Nantes 1882 - Paris 1932

Being jointly fashion illustrator, decorator-designer, painter and protagonist of the Art Deco movement surely isn’t the apanage of all, especially when -as it was the case for Georges Barbier- the countless denominatives he is given only decline one true identity in the end: artist.

Born in Nantes in 1882, Georges Barbier abandoned the Armorican massif and his comrades, Lesage, Chantron, Broca to settle in Paris where he was trained in the studio of Jean-Paul Laurens at the Ecole des Beaux-Arts. By 1910, he already exhibited at the Salon des Humoristes under his pseudonym Edward William Larry and is noticed by Lucien Vogel, publisher, who introduced him to the circle of La Gazette du Bon Ton. Iribe, Lepape, Marty, Martin Boutet de Movel Brissaud and Brunelleschi became dear colleagues of his.

Georges Barbier never fluttered around. He was always driven by a forceful passion, his multidisciplinary approach taking no other ends than the everlastingly pushed limits of his envy to create. Thus, mere illustration of articles for journalists and prominent writers of the time (such as Colette, Marie Regainer aka Gerard d'Houville, Anna de Noailles, Albert Flament Francis de Miomandre) did not fulfill him. He therefore also exercised his talent in the sphere of fashion. Magazines (Femina, Vogue, Commedia) and artistic directors Paul Poiret, Paquin, Lanvin, Worth, Vionnet and Louis Cartier call upon him,  the latter making his Black Panther jewelry pattern famous.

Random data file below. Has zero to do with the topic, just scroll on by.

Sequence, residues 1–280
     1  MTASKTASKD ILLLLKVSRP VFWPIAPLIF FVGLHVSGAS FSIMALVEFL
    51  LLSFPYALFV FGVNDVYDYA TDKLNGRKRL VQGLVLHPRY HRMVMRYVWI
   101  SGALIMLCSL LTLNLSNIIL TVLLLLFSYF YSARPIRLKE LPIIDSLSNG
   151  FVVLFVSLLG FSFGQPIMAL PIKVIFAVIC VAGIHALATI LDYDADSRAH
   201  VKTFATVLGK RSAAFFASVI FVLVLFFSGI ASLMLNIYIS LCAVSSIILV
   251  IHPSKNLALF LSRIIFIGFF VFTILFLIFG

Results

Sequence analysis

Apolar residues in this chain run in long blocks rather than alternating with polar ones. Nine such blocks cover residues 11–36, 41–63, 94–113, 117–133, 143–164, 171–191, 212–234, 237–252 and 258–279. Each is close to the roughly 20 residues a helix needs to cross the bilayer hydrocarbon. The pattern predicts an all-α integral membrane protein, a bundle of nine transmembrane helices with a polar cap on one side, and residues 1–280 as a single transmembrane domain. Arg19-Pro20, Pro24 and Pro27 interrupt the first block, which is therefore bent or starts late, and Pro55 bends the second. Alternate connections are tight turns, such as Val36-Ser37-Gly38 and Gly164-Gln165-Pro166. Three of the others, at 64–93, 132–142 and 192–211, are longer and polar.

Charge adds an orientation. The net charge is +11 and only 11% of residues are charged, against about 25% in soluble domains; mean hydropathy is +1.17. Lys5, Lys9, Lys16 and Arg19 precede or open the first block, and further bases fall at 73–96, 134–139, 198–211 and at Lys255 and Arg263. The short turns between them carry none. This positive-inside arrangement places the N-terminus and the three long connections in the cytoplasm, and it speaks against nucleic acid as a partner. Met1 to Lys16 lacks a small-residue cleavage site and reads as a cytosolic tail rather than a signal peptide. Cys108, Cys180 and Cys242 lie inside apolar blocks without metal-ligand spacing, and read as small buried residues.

One shall also remember that among his protean activities, Georges Barbier also lit up the theatre, poetry and cinema landscape of his day. Illustrations of works of Baudelaire, Theophile Gautier, Alfred de Musset, Paul Verlaine ( "Fêtes Galantes"); costumes devoted to the Folies Bergères and scenography for Maurice Rostand are only a few examples of the product of his fruitful collaborations.
George Barbier died in 1932 at the height of his success. The rich heritage of the artist was never fundamentally unveiled and his works still remains a legacy of which only the most refined collectors and bibliophiles know about.